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Time profiles of DagA activity and cell and sugar concentrations: (A) 25 g/l mixed-sugars medium; (B) optimized glucose medium.
Substrate consumed and DagA activity at the time of its maximum activity.
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Substrate consumed and DagA activity at the time of its maximum activity.
To eliminate such negative effects of glucose, a glucosefree mixed-sugar medium containing 18 g/l of sugars was used, as in the third case in Table 3 . As can be seen in Fig. 4 A, mannose was completely consumed in 48 h and galactose in 60 h. The maximum DagA activity was 8.76 U/ml at 48 h, which was 82% higher than that in the case of the 25 g/l mixed-sugar medium, and even 21% higher than that of the control case of 25 g/l glucose. In total, 55% of sugars was utilized in 48 h, a much improved substrate utilization. A much higher DagA activity and a slightly smaller amount of cells were obtained with a lower sugars concentrations, in the absence of glucose. Based on these observation it was concluded that glucose had a positive effect on cell growth but a negative effect on enzyme production. Over 93% of sugars could be utilized in 72 h in the absence of glucose.
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Time profiles of DagA activity and cell and sugar concentrations: (A) 18 g/l glucose-free mixed-sugar medium; (B) 13 g/l glucose and galactose-free mixed-sugar medium.
Galactose was also eliminated from the medium to investigate its effects on cell growth and enzyme production. The resulting medium contained 13 g/l sugars with no glucose and galactose (the fourth case in Table 3 ). As seen in Fig. 4 B, mannose was completely consumed in 48 h. Over 92% of sugars was consumed in 72 h. The maximum DagA activity was 8.63 U/ml at 48 h, which was practically the same as that in the case of the 18 g/l mixed-sugar medium. Without galactose, cell growth decreased slightly. These results indicated that galactose had a positive effect on cell growth and that, however, it had no contribution on enzyme production. Considering the results with glucosefree and glucose and galactose-free media, it would be recommendable that these two monosugars be eliminated, before agarase production by the recombinant S. lividans , when a microalgae hydrolysate is to be used.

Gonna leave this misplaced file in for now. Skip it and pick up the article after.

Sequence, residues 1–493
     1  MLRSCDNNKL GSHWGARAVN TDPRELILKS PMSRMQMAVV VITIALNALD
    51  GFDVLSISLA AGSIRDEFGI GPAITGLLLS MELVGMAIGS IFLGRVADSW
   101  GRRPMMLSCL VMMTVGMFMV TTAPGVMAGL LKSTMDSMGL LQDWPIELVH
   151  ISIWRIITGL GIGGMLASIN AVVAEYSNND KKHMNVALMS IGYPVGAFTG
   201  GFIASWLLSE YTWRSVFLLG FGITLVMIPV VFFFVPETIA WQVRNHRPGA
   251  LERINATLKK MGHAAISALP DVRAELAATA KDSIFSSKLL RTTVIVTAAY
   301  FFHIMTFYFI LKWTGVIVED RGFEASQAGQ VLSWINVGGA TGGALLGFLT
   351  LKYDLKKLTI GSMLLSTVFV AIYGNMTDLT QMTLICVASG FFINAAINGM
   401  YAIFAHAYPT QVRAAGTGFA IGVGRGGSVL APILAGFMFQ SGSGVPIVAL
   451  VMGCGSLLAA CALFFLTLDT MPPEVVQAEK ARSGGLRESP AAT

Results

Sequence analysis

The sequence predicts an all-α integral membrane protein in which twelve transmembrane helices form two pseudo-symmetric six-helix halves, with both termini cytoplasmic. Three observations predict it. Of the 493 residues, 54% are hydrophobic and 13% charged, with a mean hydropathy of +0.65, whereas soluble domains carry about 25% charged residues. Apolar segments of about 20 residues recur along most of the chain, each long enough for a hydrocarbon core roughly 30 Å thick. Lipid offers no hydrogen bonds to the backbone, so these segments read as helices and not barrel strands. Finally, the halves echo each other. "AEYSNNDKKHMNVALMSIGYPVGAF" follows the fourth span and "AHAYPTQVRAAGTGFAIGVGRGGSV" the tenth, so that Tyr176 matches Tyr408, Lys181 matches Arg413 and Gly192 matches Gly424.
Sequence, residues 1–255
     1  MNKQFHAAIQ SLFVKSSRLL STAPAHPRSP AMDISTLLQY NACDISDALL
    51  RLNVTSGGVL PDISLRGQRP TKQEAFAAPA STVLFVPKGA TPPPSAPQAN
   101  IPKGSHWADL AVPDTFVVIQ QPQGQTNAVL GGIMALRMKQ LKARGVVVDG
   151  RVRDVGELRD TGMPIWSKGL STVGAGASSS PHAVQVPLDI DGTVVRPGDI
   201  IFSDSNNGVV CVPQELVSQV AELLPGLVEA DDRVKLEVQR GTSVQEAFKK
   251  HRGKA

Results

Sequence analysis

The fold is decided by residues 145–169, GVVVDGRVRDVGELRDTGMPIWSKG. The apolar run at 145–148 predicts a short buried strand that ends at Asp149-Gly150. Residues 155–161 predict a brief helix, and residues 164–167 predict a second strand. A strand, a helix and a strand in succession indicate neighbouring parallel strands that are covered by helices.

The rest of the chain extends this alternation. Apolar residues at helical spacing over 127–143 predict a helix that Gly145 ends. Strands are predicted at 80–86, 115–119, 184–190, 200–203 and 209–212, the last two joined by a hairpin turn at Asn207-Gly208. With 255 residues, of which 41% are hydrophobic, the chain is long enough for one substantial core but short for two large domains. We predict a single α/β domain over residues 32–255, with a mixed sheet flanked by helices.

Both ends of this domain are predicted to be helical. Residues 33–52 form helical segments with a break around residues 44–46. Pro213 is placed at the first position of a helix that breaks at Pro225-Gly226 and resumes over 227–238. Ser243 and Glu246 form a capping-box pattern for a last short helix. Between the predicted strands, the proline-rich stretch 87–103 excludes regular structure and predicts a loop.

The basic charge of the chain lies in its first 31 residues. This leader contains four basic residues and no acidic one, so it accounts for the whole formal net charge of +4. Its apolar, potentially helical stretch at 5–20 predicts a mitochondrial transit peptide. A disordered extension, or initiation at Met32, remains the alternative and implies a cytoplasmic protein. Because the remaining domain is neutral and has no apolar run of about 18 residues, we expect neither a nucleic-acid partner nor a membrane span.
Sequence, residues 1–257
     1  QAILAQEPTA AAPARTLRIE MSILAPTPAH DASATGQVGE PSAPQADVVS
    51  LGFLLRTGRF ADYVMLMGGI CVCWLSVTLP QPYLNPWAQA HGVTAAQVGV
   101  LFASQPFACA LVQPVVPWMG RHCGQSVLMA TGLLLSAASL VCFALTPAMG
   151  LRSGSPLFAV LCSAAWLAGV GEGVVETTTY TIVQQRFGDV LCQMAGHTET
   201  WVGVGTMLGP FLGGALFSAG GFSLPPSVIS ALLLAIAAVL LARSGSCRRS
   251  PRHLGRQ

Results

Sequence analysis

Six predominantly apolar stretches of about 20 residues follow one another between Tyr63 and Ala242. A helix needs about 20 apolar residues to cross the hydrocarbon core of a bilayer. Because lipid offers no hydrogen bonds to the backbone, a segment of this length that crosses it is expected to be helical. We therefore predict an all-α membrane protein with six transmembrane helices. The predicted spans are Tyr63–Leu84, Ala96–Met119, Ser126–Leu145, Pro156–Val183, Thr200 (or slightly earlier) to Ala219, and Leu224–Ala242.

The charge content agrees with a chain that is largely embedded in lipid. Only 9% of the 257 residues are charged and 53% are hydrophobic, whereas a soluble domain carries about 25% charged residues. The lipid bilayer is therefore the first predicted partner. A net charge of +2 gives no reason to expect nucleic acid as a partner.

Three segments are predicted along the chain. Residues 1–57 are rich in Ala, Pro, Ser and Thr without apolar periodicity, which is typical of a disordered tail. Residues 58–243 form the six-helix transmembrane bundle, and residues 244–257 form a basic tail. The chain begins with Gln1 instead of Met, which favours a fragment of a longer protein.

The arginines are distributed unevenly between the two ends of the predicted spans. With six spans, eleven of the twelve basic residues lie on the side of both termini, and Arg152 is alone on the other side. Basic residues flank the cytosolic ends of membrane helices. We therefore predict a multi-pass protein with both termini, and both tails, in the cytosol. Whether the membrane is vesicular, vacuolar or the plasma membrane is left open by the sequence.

One possible way to eliminate glucose and galactose from a mixed-sugar medium like microalgae hydrolysate for improved substrate utilization and enzyme production would be the utilization of them as substrates to produce some other bioproduct before the production of agarase. If a yeast strain that can take up galactose as well as glucose is used, for example, for this purpose, bioethanol and DagA could be produced in sequence with much better substrate utilization efficiency. Recently, Saccharomyces cerevisiae KL17, which was very efficient in utilizing glucose and galactose, was isolated by our group [17] .
The results of this study with a synthetic medium simulating microalgal hydrolyste should be compared with those obtained with a real hydrolysate solution in the future. By doing that, the necessity of additional medium development efforts such as neutralization, desalting, and/or nutrient complementation could be identified before the microalgal hydrolysate is used for fermentation.
Acknowledgements
This study was supported by the Advanced Biomass R&D Center (ABC) of Global Frontier Project funded by the Ministry of Education, Science and Technology (ABC-2013-064099).